IRS to make US offshore tax amnesty scheme less harsh
The US tax authorities are set to make the amnesty programme aimed at encouraging US citizens to declare any offshore bank accounts less tough.
Recently appointed head of the US Internal Revenue Service (IRS), John Koskinen, said at a tax conference in Washington D.C. that re-striking the balance between enforcement and voluntary compliance was “particularly important at this point in time”, given the approaching July 1 effective date of FATCA.
Since its establishment in 2009, the offshore voluntary disclosure programme (OVDP) has resulted in more than 43,000 voluntary disclosures from individuals who paid more than $6bn in back taxes, interest, and penalties, Koskinen revealed, adding that the numbers continue to rise.
The OVDP gave US citizens the opportunity to voluntarily reveal their undisclosed offshore accounts, pay a financial penalty, and avoid prosecution. Further voluntary programmes followed in 2011 and 2012.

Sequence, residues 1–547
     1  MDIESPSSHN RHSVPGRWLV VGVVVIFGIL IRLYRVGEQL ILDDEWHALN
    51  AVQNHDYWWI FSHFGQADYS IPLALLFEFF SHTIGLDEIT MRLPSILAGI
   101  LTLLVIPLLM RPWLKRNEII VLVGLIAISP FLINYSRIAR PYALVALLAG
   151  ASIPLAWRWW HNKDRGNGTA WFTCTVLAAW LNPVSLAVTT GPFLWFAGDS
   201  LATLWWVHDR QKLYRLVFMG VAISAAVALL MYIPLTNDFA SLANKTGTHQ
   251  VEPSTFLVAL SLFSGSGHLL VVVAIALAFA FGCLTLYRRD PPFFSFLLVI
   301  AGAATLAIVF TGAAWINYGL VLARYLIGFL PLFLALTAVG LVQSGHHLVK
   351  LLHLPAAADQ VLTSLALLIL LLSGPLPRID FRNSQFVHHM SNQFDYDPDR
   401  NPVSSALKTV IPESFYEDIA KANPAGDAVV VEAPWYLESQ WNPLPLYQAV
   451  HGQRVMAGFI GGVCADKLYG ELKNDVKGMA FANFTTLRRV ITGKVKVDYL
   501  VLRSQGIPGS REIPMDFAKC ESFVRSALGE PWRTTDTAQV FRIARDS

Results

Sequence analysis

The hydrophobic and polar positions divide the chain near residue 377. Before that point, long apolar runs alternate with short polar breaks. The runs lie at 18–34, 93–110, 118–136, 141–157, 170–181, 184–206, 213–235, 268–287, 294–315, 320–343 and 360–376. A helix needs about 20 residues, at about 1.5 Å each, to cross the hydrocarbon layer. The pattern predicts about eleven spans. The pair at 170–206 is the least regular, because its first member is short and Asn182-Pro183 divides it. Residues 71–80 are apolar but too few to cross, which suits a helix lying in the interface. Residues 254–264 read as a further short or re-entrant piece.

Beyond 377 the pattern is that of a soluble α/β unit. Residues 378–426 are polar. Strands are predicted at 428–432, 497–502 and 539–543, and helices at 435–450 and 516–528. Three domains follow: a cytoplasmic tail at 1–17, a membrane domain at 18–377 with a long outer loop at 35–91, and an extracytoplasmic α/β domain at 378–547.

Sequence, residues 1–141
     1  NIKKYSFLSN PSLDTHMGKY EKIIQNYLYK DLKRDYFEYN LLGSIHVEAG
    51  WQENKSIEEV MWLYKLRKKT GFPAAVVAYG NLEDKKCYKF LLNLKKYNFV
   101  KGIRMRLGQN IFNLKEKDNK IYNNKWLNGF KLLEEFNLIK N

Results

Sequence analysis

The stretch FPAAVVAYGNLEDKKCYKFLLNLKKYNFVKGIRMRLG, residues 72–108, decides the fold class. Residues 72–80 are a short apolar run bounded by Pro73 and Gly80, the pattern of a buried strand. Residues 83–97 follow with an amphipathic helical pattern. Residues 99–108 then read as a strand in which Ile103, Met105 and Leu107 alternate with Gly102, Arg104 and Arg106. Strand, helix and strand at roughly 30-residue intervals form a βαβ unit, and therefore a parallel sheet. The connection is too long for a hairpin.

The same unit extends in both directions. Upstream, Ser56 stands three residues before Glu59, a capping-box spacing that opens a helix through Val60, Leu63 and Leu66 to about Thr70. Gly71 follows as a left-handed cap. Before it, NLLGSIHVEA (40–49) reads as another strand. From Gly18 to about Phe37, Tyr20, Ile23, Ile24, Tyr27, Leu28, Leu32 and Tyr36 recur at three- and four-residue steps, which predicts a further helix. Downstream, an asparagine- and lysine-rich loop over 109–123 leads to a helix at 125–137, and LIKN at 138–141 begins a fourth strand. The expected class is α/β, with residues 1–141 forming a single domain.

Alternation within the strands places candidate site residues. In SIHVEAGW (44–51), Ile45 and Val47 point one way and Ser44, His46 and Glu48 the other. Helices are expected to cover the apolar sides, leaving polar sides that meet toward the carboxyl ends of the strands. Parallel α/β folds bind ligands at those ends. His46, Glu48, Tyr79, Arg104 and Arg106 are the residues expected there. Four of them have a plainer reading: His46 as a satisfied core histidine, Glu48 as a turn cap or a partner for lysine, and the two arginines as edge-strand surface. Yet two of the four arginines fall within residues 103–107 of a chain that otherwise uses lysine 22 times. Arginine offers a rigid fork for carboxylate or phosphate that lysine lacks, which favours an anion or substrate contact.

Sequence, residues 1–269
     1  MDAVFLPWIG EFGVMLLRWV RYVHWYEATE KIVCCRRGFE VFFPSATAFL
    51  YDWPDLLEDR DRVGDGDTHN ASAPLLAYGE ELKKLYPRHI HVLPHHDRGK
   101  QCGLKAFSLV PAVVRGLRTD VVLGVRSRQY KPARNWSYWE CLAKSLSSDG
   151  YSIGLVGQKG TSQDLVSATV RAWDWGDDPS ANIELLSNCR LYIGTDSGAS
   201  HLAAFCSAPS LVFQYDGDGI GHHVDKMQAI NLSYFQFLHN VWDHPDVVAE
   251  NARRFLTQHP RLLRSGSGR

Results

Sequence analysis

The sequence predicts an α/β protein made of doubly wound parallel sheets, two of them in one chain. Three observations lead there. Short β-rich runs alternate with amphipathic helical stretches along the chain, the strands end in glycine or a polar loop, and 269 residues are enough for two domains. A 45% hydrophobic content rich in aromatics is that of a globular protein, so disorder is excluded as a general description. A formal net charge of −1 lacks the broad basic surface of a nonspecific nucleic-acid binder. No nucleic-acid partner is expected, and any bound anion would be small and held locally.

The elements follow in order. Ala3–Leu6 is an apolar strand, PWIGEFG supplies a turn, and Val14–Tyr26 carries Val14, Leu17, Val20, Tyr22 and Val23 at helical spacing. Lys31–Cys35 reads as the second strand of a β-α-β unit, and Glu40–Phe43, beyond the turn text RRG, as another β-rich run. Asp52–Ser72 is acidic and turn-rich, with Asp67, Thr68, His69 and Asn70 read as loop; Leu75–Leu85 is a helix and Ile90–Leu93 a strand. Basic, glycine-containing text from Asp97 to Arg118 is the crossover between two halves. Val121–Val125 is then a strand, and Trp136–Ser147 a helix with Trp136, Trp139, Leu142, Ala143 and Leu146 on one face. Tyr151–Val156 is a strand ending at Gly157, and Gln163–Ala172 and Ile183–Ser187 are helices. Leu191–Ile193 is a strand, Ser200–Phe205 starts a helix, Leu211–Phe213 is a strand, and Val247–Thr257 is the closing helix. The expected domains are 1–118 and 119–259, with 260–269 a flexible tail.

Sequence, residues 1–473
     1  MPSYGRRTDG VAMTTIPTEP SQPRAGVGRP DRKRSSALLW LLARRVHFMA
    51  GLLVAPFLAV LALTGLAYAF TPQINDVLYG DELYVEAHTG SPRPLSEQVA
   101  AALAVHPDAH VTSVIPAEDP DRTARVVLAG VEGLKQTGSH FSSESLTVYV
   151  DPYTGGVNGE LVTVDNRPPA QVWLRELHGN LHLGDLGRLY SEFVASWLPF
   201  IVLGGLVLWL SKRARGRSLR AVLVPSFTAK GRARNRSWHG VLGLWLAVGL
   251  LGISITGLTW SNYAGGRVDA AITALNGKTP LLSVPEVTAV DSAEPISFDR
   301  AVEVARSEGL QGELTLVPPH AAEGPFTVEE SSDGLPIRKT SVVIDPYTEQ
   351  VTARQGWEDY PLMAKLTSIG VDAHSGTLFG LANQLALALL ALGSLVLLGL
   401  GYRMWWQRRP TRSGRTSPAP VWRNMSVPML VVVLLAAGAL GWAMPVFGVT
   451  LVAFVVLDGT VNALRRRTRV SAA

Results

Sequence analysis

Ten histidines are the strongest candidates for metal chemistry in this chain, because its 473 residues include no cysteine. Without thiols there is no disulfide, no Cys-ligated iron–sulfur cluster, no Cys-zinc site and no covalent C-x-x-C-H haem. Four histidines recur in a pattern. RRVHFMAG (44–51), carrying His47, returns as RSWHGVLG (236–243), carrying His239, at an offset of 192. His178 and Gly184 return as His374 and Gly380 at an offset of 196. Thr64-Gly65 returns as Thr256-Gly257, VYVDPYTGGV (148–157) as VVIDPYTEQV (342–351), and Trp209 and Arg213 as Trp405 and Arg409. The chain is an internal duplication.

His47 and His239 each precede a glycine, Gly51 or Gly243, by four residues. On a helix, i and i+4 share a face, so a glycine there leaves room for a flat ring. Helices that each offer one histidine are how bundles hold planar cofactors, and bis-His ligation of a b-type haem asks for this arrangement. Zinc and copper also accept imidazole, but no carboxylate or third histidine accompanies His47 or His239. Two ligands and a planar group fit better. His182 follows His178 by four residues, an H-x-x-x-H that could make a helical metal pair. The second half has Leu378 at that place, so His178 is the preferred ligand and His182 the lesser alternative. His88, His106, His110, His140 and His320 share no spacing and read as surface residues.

The IRS noted a significant uptick in participation since the Department of Justice announced its programme for Swiss banks last August.
Koskinen said the IRS is considering “whether our voluntary programs have been too focused on those wilfully evading their tax obligations and are not accommodating enough to others who don’t necessarily need protection from criminal prosecution because their compliance failures have been of the non-wilful variety”.
One example was the many US citizens who have resided abroad for many years, where the IRS had been considering whether three of these individuals should not have to face the type of penalties that were appropriate for US resident taxpayers who were wilfully hiding their investments overseas.
There were also the US-resident taxpayers with unreported offshore accounts “whose prior non-compliance clearly did not constitute willful tax evasion but who, to date, have not had a clear way of coming into compliance that doesn’t involve the threat of substantial penalties”.
Koskinen said: “We expect we will have much more to say on these programme enhancements in the very near future. So stay tuned.”
There was relief in July last year when the US gave non-US financial institutions around the world another six months to prepare to comply fully with FATCA, pushing the deadline back to 1 July, 2014.